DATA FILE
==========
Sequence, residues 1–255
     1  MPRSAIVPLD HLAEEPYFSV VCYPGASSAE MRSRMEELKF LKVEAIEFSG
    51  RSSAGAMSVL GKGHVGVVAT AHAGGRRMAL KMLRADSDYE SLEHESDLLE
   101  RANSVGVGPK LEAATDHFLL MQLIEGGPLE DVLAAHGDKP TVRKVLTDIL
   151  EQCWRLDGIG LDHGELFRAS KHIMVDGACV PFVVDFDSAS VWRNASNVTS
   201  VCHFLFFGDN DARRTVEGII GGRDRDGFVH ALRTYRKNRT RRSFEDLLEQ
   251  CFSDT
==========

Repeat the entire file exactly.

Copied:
Sequence, residues 1–255
     1  MPRSAIVPLD HLAEEPYFSV VCYPGASSAE MRSRMEELKF LKVEAIEFSG
    51  RSSAGAMSVL GKGHVGVVAT AHAGGRRMAL KMLRADSDYE SLEHESDLLE
   101  RANSVGVGPK LEAATDHFLL MQLIEGGPLE DVLAAHGDKP TVRKVLTDIL
   151  EQCWRLDGIG LDHGELFRAS KHIMVDGACV PFVVDFDSAS VWRNASNVTS
   201  VCHFLFFGDN DARRTVEGII GGRDRDGFVH ALRTYRKNRT RRSFEDLLEQ
   251  CFSDT